Friday, October 23, 2009
We're up early these days, and not because of cold puppy noses poking over the edge of the bed. Nope, we're actually slaves to the alarm, set for 6:00 am. We've got many tasks to accomplish- dog walk, dog breakfast, people breakfast, coffee brewing (this step is VERY, VERY important), and getting Alycia ready for her school day. The dogs would actually allow us to sleep in later if we didn't need to get up. It's a small measure or revenge to have to rouse Shaak Ti out of bed instead of the other way around, which happens 97% of the time. That small measure of revenge though does nothing to mitigate the unparalleled horror of having to be up that early.
So needless to say our morning dog walks are done while it is very much dark, and this morning was dark and cold and clear. Without the fluffy layer of cloud insulation to ward it off, the cold really sets in. Even in my sleepy state I appreciate the fact that we're the only ones out and about, parading our furry companions through the dark, and crunching the frost covered fallen leaves with slippered feet.
As I stumbled around in my multiple layers of clothing and fuzzy slippers, I looked up at the night, soon to be dawn sky, and marveled at all the stars. These stargazing moments were brief, as my shuffling demanded as much attention I could generate so early in the morning, lest it lead to me performing the popular "shuffle-shuffle-stumble-faceplant" maneuver.
There were more stars than I ever remember seeing in the light polluted lands of Southern California. And most folk around here will tell you that you can't see stars at all in "the city" (that would be Grand Forks that they're referring to) and that you need to get out into the country to really see some stars. I look forward to it.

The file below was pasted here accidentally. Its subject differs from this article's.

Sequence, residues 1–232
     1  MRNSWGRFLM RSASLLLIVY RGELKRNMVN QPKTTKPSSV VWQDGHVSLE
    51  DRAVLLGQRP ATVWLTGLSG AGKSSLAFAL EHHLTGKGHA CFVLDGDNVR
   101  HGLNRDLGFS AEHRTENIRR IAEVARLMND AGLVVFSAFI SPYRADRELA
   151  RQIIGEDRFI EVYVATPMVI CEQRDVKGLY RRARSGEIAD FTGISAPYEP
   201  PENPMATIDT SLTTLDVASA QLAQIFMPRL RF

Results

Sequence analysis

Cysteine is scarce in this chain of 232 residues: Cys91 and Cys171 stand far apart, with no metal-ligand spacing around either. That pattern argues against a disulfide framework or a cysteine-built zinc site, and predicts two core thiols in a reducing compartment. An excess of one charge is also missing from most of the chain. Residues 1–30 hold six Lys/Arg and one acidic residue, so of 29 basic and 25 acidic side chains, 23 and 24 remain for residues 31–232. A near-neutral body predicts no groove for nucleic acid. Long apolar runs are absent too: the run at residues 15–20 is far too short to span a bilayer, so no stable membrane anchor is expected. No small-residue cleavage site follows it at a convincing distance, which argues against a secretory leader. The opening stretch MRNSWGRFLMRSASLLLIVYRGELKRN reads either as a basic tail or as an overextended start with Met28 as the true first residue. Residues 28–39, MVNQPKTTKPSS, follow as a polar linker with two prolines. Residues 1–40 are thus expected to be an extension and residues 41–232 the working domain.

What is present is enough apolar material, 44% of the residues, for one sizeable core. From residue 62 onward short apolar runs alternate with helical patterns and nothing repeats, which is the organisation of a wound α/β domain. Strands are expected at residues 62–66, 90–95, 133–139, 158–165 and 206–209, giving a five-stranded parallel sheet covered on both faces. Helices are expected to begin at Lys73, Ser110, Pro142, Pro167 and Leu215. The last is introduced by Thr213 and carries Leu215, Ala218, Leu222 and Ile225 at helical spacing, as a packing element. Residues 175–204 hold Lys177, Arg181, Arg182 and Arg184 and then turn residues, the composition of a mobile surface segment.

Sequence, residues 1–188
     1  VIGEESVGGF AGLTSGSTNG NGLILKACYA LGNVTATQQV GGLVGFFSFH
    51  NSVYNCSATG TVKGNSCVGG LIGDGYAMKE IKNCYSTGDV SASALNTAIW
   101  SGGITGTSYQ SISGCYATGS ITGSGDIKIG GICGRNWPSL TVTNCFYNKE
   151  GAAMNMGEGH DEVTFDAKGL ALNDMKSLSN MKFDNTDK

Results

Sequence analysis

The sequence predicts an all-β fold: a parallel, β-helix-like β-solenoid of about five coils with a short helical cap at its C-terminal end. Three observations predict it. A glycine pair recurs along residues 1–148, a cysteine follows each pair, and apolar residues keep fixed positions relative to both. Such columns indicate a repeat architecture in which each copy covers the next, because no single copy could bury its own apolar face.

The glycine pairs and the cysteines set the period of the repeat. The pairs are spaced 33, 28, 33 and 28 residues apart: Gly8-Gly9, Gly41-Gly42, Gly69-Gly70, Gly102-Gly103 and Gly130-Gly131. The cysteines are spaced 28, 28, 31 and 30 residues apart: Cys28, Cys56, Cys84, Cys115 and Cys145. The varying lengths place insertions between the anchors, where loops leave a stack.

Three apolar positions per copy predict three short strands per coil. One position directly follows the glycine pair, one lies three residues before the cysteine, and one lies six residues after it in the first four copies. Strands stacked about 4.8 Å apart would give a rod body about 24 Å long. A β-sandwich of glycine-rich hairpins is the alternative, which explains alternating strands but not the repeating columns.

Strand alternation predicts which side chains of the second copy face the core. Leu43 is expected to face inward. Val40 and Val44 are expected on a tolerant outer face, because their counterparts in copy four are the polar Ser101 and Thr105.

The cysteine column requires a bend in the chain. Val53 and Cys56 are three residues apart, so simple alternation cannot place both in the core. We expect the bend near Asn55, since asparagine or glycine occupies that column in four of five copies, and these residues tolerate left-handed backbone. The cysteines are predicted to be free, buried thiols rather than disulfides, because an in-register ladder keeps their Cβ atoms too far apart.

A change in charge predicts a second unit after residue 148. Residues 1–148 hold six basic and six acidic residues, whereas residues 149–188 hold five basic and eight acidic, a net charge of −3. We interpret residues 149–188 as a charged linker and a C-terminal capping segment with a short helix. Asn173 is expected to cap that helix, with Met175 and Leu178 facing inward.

Thursday, October 22, 2009
This morning as we put Shaak Ti in her harness, the buckle snapped completely. Upon closer inspection I also realized that a few of the seams were also almost completely torn off as well. It was a good thing because soon enough the whole thing probably would have failed, and Shaak Ti would have torn through it like Bruce Banner changing into the Hulk, shed her restraints, and raced freely after some poor squirrel or chipmunk.
The harness lasted for quite a while, more than two years, through hundreds of miles of walks and another few hundred miles of runs, through rain and snow and sand from so many beach trips. We humbly salute you, oh noble harness, you have served your purpose well.
Wednesday, October 21, 2009
You may be surprised to know that I wasn't confident of victory and had set my expectation level at "I just want to make sure no one gets hurt this evening". Lo and behold what a pleasant surprise it was when not only were there no injuries, collisions, or mishaps, but everyone played well, had a pleasant time. AND we won. Expectations were exceeded at every level.
Though there were no injuries, there was some aftermath. Alycia, still sore from our wallyball outing on Sunday, reported post-game soreness in her quads, hamstrings, and every other leg muscle she owns (and even a few I think she made up). She's on heavy doses of Ibuprofen right now, and we're hopeful that her condition will slowly improve. Don't tell her (it's a surprise), but we're going to try to use homemade chili and gluten free cornbread to nurse her back to health this evening. She's due lots of slack though since this is her first real exercise in 7 months since her broken ankle diagnosis, so it may take some time to get her back up to speed.